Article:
International Women’s Day is a great opportunity to open up a discussion about what we can all be doing to break down gender bias in the workplace. In this article, Liz Drummond shares some of the challenges she has faced throughout her career, as well as some thoughts on how we’re #BreakingtheBias at CGI to help promote a more inclusive future.
I’m the type of person who learns by doing. I had a great education but I never excelled at school – and I discovered why later on when I was doing my Technology Management degree. I suddenly realised that I learned really well when I could ‘get my hands dirty’, rather than just looking at text and trying to understand it.
By the time I was in my final year of uni (the only female in a class of 40!) I’d switched to all the practical engineering modules. When I graduated, I joined Logica as a technical graduate and just kept on learning from others on the job as I went.
Simply giving things a go: that’s the approach I began my career with and I’ve carried it with me since. While I’m ambitious and driven, I’ve never had a real ‘plan’ – I always say I don’t know what to be when I grow up! The great thing about this is it leaves me very open to new ideas, roles and challenges. From technical, to project management, to HR, bidding and account management, my roles have been diverse to say the least.
But in truth, I still struggle with a lack of self-belief. Luckily, people I’ve worked with and for have seen attributes in me that I simply don’t see in myself, and it’s that willingness to trust me, take a risk on me, offer me the opportunity to take on a new challenge, that has got me where I am today. My own experience has taught me that support from others can make all the difference.
Challenging gender bias
I’ve often wondered why I don’t have the same confidence in my abilities as others seem to. I consider myself extremely fortunate to work for a company like CGI that supports women in tech so actively and does so much to ensure gender bias is not a part of our workplace. Gender bias was not talked about 20 years ago and sadly, there were certainly times earlier in my career where I didn’t feel the level of support that I do now.
I think people have become more aware of their unconscious bias. At CGI, there has been training available to raise awareness and educate leaders on this, which I think has been really helpful, particularly when recruiting people into new roles.
One example of how this is benefitting us is that women are becoming more confident about applying for roles. Traditionally, women are more likely to apply for a new role only when they can demonstrate that they can do most of what the job description wants. I’m a case in point – when I first joined the tech industry I found it hard to look for and apply to a role that I knew I could do but that was still a step up for me, so I just didn't apply.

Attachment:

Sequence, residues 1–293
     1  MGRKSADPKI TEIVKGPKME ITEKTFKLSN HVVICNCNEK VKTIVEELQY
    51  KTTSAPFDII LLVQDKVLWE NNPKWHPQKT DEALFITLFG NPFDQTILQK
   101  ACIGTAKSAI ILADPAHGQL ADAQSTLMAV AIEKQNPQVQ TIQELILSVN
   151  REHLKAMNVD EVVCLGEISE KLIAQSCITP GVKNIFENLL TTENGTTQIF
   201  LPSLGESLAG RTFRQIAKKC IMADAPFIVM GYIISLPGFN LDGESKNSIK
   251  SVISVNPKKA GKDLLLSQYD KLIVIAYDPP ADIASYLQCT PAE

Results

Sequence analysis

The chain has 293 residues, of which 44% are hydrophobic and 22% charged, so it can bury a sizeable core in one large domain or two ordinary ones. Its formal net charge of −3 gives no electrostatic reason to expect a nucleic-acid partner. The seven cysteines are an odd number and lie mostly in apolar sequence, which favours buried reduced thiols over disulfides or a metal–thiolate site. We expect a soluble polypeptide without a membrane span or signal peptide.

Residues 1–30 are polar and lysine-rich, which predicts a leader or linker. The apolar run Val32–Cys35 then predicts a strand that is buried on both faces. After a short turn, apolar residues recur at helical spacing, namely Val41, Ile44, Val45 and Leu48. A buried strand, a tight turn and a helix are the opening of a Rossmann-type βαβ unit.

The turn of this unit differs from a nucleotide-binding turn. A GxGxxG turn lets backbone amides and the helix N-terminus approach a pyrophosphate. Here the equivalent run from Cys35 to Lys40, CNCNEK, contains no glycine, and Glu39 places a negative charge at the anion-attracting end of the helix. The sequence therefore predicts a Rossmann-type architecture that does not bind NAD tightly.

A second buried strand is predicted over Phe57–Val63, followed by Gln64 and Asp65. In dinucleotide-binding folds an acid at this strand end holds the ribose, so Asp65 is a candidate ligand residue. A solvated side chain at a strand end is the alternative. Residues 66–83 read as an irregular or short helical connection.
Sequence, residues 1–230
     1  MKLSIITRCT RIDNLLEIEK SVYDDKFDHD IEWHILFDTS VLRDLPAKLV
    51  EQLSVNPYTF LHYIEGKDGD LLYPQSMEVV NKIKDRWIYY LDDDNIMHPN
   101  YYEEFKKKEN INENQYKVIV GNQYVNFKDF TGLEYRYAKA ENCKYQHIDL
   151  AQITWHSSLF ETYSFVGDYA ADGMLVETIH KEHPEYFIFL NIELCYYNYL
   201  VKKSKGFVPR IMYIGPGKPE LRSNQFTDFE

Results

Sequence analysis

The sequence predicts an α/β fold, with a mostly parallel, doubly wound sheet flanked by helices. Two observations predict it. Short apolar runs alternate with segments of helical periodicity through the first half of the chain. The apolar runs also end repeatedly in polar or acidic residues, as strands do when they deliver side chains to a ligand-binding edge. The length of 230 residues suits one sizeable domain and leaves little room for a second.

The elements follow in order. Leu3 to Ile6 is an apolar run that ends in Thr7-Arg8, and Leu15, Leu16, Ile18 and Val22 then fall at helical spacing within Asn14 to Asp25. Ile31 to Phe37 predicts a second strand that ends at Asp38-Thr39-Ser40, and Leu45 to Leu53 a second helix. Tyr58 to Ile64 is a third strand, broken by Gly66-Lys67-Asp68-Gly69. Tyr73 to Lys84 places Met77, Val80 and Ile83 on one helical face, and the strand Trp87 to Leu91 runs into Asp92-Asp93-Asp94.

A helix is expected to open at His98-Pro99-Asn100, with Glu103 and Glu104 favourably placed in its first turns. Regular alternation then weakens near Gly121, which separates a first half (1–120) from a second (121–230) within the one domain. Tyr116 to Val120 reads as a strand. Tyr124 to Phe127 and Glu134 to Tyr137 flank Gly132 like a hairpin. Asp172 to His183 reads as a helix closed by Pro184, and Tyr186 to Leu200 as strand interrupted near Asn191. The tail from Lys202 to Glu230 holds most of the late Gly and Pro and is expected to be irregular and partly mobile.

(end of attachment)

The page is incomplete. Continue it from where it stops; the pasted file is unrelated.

However, in the last few years, I've seen people reaching out to women and encouraging them to consider applying (I've benefited from this myself). That isn't to say they’ll get the role – they still have to be the best candidate – but in my experience, sometimes it's the confidence boost they need to make the application at all.
Breaking down barriers is everybody’s responsibility
In my opinion, taking action to promote gender equity is a critical step to overcoming the roadblocks many women face, particularly in the tech industry.
There are a number of ways in which CGI does this, including:
- Placing women in leadership roles
- Supporting, promoting and retaining women
- Actively trying to attract female talent
- Spearheading initiatives that teach young women about tech and inspire them to consider pursuing careers in this field
- Addressing gender pay gaps
There are also things that all of us – both women and men – can do to support each other. We should be supporting and mentoring each other, and encouraging women to go for promotions and to share their opinions. I also think we should be vocal about our achievements. Admittedly I'm not great at doing that myself, but I'll happily do it for other women in the workplace (especially if they, like me, aren’t comfortable doing it themselves).
This year’s International Women’s Day theme, #BreakTheBias, is as relevant as ever. I believe this is about respecting and valuing people for who they are and for the value that they as individuals bring, and being responsible for challenging those who discriminate or stereotype people.
At the end of the day, breaking the bias will lead to more diverse teams. We will have more empowered women who believe in themselves and have the confidence to contribute enormously to their businesses and industries – and there is no doubt in my mind that we will all be better for it!
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